Steiner made no move to help them. They could drown for all he cared. The clods. He was the important mission, and only he could accomplish it. The Commandant himself had said as much back at the training camp.
* * *
“The reports are uniformly excellent,” Reinboldt had said. “Which in a way, of course, is only to be expected since you were well screened before you were selected. But even so, your progress in response to the training has been much faster than any of us anticipated.”
“Thank you,” Steiner said quietly. He sat at ease across from the Commandant’s desk, behavior unthinkable under any other circumstances, but insisted on here as an essential part of his “Americanization.”
“As a result,” Reinboldt went on as if uninterrupted, “the Fuhrer has decided to move your mission forward. You will leave for the United States next week. Your targets remain unchanged, of course. First Roosevelt, then Marshall.” Reinboldt paused to light a cigarette. “I don’t have to tell you the consequences of success,” he said. “Or of failure.”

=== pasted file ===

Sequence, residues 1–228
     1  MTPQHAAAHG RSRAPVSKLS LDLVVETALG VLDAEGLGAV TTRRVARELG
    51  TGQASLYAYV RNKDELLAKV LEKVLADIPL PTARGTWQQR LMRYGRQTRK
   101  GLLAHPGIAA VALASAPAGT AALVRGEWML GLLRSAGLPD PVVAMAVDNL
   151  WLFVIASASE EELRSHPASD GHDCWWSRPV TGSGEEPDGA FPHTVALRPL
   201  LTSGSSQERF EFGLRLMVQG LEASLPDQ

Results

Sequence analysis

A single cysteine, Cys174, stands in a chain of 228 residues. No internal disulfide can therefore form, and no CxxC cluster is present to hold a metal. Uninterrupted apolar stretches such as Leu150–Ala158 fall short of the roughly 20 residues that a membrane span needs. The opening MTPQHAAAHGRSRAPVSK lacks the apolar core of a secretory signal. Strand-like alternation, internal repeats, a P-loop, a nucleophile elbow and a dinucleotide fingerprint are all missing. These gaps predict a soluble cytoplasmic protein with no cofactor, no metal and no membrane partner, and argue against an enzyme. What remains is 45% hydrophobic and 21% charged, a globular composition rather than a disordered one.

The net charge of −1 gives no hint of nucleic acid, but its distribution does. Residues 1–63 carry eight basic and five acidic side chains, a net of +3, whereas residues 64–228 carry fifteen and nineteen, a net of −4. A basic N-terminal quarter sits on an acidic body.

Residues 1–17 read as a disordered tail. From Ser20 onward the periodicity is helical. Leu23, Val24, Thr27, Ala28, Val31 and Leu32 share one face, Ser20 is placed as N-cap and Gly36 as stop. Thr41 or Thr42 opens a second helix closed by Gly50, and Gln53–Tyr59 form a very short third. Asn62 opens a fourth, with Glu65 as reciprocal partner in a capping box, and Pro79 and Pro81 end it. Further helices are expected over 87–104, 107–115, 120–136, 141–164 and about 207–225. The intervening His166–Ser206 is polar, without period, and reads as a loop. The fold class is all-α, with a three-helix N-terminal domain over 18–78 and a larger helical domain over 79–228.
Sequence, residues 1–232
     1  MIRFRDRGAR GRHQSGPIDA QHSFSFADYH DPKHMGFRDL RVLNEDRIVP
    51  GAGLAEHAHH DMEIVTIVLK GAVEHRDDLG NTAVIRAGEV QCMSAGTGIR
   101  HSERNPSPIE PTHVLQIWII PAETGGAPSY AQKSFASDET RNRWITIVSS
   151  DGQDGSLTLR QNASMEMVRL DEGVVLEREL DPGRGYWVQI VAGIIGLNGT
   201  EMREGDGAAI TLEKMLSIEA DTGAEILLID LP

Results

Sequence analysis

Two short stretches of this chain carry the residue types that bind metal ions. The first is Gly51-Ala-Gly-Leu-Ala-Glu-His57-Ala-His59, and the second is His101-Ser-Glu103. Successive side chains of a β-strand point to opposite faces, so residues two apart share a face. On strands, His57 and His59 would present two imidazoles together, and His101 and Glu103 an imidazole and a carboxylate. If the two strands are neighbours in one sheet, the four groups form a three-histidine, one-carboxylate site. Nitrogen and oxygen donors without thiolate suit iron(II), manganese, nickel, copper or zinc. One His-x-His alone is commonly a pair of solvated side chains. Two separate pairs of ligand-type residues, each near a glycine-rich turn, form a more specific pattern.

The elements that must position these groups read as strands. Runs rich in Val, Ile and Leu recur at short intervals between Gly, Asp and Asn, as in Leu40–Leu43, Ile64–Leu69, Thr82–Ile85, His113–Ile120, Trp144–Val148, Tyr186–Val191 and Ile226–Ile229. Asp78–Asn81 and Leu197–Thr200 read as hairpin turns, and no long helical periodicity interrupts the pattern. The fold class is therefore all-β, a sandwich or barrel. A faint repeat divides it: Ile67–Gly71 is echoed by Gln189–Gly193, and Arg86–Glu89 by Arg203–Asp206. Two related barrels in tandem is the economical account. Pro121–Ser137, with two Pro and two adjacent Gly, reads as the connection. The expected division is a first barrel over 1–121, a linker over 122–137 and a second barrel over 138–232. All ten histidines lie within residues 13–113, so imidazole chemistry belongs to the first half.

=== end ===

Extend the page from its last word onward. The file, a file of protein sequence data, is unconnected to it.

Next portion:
Steiner smiled faintly. “I won’t fail,” he said.
“No,” Reinboldt said, “you won’t.” He took an envelope from his desk and passed it across to the other man. “Your cover has been well prepared. These are the documents you will need to start: driver’s license, draft registration—deferred status, of course—Social Security number and all the other paraphernalia Americans seem to find indispensable.”
Steiner looked at the papers accordingly. All had a slightly worn look as if they’d been carried about in a man’s wallet for some time, and included among them was a certified copy of a birth certificate indicating he had been born in Milwaukee, Wisconsin, on October 14, 1918. It was, he reflected, his real birthday.
“Your name,” Reinboldt went on, “was chosen with equal care—Frederic William Johnson. Frederic William because it’s close to your own and thus, like the birth date, easy to remember. Johnson because it’s one of the most common American names but yet not suspect like Smith or Jones. You should practice writing it until your signature flows naturally.”
“I will,” Steiner said.